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Priorities have a way of changing quickly when everything’s on the line.
One moment the Golden State Warriors were sharing their grandiose plans for the home stretch of the regular season, floating the idea that they might finish with a 24-game winning streak and thus remind the NBA masses that the Larry O’Brien trophy still resides here. Then three games later, when Steph Curry went down with yet another ankle sprain just two minutes into Thursday night’s 110-107 win against the San Antonio Spurs at Oracle Arena, it was time to reassess.
The No. 1 seed that’s in peril with the streaking Houston Rockets up one in the loss column and, in essence, up two because they hold the tiebreaker? It’s not nearly as important as Curry getting fully healthy again in time for the playoffs.
Especially considering the context.
Just when you thought the flashbacks to Curry’s ankle problems were over, the two-time MVP finds himself facing some of those old nightmares again. This was the fourth right ankle injury for Curry since Dec. 4, when he suffered a sprain against New Orleans and was sidelined for nearly a month.
Then came the Jan. 10 re-sprain, a minor tweak that only cost him two games but raised concerns because, well, it came during a team shoot-around. It happened again on March 2 against Atlanta, although Curry recovered quickly and even helped the Warriors finish off the Hawks that very same night. Lest anyone forgot, this is the same right ankle that required two surgeries to get right back in April of 2011 and May of 2012 en route to his rise.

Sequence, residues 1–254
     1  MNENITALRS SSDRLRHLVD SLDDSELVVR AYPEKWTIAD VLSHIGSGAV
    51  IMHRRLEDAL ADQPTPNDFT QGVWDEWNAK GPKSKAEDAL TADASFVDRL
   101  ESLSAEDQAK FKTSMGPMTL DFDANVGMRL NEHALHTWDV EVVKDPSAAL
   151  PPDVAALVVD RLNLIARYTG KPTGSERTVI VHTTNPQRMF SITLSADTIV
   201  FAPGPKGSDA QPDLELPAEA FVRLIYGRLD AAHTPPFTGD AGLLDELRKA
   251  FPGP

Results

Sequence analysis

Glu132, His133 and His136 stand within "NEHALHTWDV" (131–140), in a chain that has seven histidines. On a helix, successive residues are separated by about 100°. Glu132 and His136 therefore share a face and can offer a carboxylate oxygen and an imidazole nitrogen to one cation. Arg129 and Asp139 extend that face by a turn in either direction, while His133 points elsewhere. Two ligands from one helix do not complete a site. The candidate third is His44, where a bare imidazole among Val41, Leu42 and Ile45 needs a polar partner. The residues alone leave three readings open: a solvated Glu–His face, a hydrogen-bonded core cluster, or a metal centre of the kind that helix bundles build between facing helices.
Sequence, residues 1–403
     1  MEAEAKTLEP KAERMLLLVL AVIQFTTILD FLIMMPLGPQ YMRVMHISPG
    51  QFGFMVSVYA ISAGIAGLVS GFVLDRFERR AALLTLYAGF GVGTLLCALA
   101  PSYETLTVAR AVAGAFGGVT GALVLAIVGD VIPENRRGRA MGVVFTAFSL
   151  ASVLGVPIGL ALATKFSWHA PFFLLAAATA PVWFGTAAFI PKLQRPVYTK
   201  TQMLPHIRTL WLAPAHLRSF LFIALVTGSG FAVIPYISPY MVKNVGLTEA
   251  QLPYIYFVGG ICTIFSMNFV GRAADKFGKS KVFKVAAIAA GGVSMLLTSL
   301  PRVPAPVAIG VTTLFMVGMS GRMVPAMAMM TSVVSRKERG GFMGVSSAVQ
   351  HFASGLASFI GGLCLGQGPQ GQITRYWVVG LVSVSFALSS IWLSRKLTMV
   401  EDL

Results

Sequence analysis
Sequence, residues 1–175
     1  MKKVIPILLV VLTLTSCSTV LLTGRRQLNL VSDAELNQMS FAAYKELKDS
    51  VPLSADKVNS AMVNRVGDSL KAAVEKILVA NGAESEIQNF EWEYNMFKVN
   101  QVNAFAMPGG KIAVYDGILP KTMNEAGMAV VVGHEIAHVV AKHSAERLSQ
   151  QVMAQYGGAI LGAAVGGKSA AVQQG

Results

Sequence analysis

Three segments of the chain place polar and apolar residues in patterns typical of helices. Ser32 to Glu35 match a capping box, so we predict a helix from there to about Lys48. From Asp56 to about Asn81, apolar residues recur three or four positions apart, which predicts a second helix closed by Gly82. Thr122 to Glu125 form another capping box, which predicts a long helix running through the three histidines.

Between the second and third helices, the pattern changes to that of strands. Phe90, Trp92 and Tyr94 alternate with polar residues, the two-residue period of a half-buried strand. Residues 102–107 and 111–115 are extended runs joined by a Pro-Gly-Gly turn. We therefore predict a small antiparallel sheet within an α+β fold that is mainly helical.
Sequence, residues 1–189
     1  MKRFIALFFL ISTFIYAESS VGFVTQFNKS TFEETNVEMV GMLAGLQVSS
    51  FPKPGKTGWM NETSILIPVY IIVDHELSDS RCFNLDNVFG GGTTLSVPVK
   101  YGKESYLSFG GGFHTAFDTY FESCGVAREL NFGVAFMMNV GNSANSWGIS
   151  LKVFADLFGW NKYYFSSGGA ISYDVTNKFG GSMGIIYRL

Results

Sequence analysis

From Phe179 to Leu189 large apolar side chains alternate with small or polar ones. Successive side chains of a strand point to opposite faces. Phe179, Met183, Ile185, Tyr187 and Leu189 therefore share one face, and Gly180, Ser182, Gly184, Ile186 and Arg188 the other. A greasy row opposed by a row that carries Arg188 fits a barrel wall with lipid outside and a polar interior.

But the Warriors (51-14) certainly remember, and so now the question of how they handle this from here will be front and center. Curry will skip Friday’s trip to Portland and will also be out for Sunday’s game in Minnesota.
The fact that Curry wanted to go back in against the Spurs is as good a sign as any that it’s not serious, but the return of this troubling trend is more than enough to justify the Warriors’ cautious approach.
“He said (this ankle turn) was a little bit like the Atlanta one,” Kerr said. “He wanted to lobby to come back in the game, but we wouldn’t let him … We’ve got to be careful with it.”
Curry has long since learned that he doesn’t have the final say when it comes to these matters of health. Kerr leans on team trainer Chelsea Lane to come to a verdict, with the greater good always mattering most of all.
“It’s not that hard (to tell him he can’t come back), actually,” Kerr said with a smile. “Chelsea and I have a much better view of the big picture than Steph does. Of course he wants to go back in the game, but it’s a pretty simple decision, so we just tell him, ‘Sorry, maybe next game.’”